calcium-(magnesium)-bicarbonate
type
with
typically low concentrations of chloride (usually
below 60 mg/l). Some of these also had high
concentrations of sulphate (up to 2400 mg/l).
Those that did tended to have calcium as the
dominant cation and were concluded to have been
influenced by the dissolution of gypsum in the
superficial lakeshore colluvial sediments (Bath,
1980).

To date, no data are available on the concentrations


of other nitrogen species (nitrite, ammonium) in
groundwaters from Malawi.

High salinity appears to be a feature of some


Malawian groundwater and arises as a result of
either evaporative concentration or dissolution of
evaporate minerals in sedimentary rocks.
Evaporative concentration is greatest where the
water table is close to the ground surface and where
evaporation greatly exceeds recharge.

In colluvium and weathered basement aquifers of


the South Rukuru catchment of north-west Malawi,
groundwaters with high salinity have been noted
especially around the town of Emcisweni (Bath,
1980). The catchment as a whole has groundwaters
with very variable salinity, with electrical
conductance values in the range 707700 S/cm
and chloride concentrations of 42000 mg/l. The
saline groundwaters appear to be of calcium-

Particularly high concentrations of sodium and


chloride have been reported for groundwaters from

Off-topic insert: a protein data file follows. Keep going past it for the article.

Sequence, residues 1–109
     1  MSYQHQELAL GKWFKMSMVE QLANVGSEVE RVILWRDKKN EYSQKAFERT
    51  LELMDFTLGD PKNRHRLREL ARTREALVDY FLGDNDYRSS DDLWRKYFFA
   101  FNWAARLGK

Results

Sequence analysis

the lower Shire valley (Bath, 1980), both as a result
of evaporation and dissolution of evaporite
minerals. Most boreholes close to the river and with
4

chloride or mixed-ion type with concentrations of


sodium up to 500 mg/l, magnesium up to 280 mg/l
and sulphate up to 1800 mg/l. Despite this, most
groundwaters from the region had low sulphate
concentrations (most <15 mg/l). The origin of the
salinity in this region is unclear (Bath, 1980).

area. However, the ranges quoted reflect


compositions of unfiltered water samples and
therefore represent total iron (including particulate
iron) rather than dissolved iron. As such, the
concentrations will vary considerably according to
the turbidity of the water and the degree of flushing
(pumping) of the well before collection.
Nonetheless, the total concentrations reported may
be indicative of the concentrations in water used for
domestic purposes. High concentrations of
dissolved iron can occur under acidic or reducing
conditions. There is no evidence for the occurrence
of strongly acidic groundwaters in Malawi and it is
unlikely that groundwater acidity could be
responsible for producing the very high iron
concentrations observed in some of the
groundwaters. However, anaerobic conditions could
exist in some aquifers, particularly the alluvial
deposits of the lower Shire valley and locally within